Merchant and customer acquisition: Zaggle told corporates that they could manage their prepaid cards instead of the corporate finance team managing it. They said they would track how employees spend with their merchant network, which in turn would have redemption offers for corporate employees. The company added more than 1,200 corporates and 5,000 merchants in FY2017-18 – this was the game-changer. It made Zaggle a product company and not a go-between card distributor who would earlier take a small value of the transaction from the merchant partner. This was crucial to scale.

Building the tech: The tech was critical, and Arvind focused on engineering and creating work flows for corporate expense management. Zaggle quickly built an app that could help employees find merchants on the app to redeem deals with their corporate cards.

Connecting the ecosystem: A loyalty card is useless unless it has a network of deals that benefit the user. The card is like a debit card; only the money and spend is controlled by the corporate. Zaggle handles the entire loyalty point exchange between retailer, corporate, and employee. So if you shop or eat a restaurant, points are added in your name. Zaggle ensures that the retailer includes the loyalty points for the employee and follows up with the corporate to track the spend.

Zaggle was founded in 2011 as a gift card company and morphed into a technology provider in 2015. It was founded by Phani Raj, who continues to be the Chairman. Its holding company, eYantra, has raised $11.8 million so far; it has not raised any money since 2011.

The market scenario

Retailers value the loyalty business In India to be worth $2 billion, according to analysts from E&Y and KPMG. With corporate loyalty in the picture, the number could go well beyond $5 billion.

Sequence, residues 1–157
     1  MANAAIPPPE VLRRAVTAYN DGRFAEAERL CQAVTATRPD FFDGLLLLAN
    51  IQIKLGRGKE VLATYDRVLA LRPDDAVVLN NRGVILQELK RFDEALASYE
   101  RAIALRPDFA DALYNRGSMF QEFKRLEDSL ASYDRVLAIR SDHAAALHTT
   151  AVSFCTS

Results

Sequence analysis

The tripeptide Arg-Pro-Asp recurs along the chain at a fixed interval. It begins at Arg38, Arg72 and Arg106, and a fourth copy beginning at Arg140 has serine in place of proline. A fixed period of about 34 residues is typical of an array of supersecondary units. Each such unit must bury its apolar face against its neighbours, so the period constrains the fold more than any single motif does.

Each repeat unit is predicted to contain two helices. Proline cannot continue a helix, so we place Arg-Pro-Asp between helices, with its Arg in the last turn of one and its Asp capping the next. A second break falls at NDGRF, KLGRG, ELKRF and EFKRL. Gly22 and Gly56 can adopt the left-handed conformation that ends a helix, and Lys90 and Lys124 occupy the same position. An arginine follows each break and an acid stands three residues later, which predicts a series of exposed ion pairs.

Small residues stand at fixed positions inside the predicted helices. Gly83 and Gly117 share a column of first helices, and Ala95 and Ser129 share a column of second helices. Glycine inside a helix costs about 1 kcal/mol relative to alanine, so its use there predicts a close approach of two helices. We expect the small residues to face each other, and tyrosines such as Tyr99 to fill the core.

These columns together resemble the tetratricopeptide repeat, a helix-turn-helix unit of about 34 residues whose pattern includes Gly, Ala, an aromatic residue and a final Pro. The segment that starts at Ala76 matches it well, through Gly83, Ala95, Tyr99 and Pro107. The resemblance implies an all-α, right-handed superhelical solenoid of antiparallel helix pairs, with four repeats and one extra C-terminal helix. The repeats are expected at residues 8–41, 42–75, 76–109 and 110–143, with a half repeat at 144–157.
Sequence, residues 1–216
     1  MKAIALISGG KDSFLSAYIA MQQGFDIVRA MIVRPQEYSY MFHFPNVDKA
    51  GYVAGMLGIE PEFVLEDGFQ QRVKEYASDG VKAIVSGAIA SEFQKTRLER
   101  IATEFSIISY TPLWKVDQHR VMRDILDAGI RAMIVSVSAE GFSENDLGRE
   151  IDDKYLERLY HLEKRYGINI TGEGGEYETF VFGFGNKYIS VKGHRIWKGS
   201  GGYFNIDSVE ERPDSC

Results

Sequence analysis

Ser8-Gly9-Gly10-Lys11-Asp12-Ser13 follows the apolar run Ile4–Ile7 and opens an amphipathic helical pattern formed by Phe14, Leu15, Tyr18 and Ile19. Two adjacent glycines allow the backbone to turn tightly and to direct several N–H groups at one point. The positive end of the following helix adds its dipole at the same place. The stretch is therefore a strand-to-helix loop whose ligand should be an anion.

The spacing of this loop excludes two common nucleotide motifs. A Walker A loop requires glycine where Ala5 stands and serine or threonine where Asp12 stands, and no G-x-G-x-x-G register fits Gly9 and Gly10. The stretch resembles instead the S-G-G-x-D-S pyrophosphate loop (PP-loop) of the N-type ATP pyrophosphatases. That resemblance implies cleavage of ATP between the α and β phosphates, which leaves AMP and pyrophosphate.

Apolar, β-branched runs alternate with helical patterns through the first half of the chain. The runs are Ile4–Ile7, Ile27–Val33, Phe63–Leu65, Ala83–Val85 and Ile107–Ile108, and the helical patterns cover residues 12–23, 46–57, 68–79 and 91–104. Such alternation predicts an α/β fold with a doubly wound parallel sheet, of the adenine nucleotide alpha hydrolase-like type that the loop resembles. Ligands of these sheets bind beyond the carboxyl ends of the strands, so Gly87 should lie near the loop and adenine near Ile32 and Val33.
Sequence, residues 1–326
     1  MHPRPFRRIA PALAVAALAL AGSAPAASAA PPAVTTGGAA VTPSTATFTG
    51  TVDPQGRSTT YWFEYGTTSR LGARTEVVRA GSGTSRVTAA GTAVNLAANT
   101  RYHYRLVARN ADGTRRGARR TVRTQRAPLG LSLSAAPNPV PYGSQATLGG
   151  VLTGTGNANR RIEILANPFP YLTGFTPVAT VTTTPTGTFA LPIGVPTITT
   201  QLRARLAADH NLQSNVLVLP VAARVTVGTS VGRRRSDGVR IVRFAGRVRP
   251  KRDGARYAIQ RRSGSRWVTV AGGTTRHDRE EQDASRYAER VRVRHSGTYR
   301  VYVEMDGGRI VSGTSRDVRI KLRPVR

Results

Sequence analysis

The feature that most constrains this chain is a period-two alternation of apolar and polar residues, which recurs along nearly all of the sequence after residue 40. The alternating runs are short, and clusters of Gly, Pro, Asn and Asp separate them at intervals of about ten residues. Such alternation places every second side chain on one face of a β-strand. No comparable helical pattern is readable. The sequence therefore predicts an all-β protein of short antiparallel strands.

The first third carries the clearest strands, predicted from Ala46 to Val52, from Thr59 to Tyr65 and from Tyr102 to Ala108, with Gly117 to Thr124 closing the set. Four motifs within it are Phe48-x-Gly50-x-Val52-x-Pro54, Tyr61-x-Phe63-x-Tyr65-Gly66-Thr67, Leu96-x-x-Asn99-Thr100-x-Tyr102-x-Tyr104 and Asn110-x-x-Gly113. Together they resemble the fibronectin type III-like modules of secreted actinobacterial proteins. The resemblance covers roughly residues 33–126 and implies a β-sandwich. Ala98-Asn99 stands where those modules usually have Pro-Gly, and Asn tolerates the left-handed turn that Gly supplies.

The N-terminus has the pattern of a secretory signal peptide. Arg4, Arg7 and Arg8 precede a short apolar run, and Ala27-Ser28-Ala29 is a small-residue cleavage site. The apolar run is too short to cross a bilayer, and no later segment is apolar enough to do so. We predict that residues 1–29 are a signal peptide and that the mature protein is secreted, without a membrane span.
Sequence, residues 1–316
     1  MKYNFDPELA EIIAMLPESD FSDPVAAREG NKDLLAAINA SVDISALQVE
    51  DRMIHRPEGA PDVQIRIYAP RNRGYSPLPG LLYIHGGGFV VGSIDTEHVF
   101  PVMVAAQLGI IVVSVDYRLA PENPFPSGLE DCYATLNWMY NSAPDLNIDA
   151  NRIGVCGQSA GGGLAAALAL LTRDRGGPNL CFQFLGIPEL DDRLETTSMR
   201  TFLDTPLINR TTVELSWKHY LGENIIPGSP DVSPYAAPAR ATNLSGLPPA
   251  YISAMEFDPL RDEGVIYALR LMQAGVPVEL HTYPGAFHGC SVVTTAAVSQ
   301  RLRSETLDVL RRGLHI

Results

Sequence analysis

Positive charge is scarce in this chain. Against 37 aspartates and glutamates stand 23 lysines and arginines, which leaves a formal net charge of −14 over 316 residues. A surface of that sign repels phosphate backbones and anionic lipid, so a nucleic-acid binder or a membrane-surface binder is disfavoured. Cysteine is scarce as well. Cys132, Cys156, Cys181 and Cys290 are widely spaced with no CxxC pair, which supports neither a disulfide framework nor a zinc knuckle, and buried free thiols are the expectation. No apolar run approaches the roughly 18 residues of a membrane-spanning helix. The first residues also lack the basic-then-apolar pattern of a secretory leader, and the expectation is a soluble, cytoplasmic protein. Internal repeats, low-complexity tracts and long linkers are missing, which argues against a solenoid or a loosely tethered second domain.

Zaggle competes with QwikCilver and Finly. Qwikcilver provides a tech platform for gift cards to merchants. It transacts close to $800 million and has revenues of more than Rs 300 crore. Finly is a startup that works with more than 50 customers.

Last year, Accenture, in a report, said investments in loyalty were booming across the world. More than 90 percent of companies currently employ some form of customer engagement or loyalty programme. In the US alone, loyalty programme memberships grew at a rate of 20 to 26.7 percent year on year. There are already 3.3 billion such memberships (29 per US household). In India, organised retail covers 200 million Indians. Shoppers Stop’s loyalty programme has more than 4 million members. Companies like Reliance Retail and Future Group also boast of 4 million plus loyal customers. According to E&Y, the retail industry in India is $650 billion in size and only 10 percent is organised (including ecommerce).

When Accenture spoke to more than 100 corporate company’s employees, it found that about 57 percent spend more on brands or providers to which they are loyal. That means 43 percent spend the same or less. And more than a third (36 percent) consider loyalty irrelevant to their spending.

Clearly, binging corporates and retailers/merchants on to the same platform is a large business opportunity in India.

Vikas Lacchwani, founder of MCaffeine, a brand that retails on Amazon, says: “Retailing is a vast opportunity and technology is changing the way businesses approach partnerships with merchants. Data helps both parties increase spending and loyalty.”

Zaggle seems set on the route to success.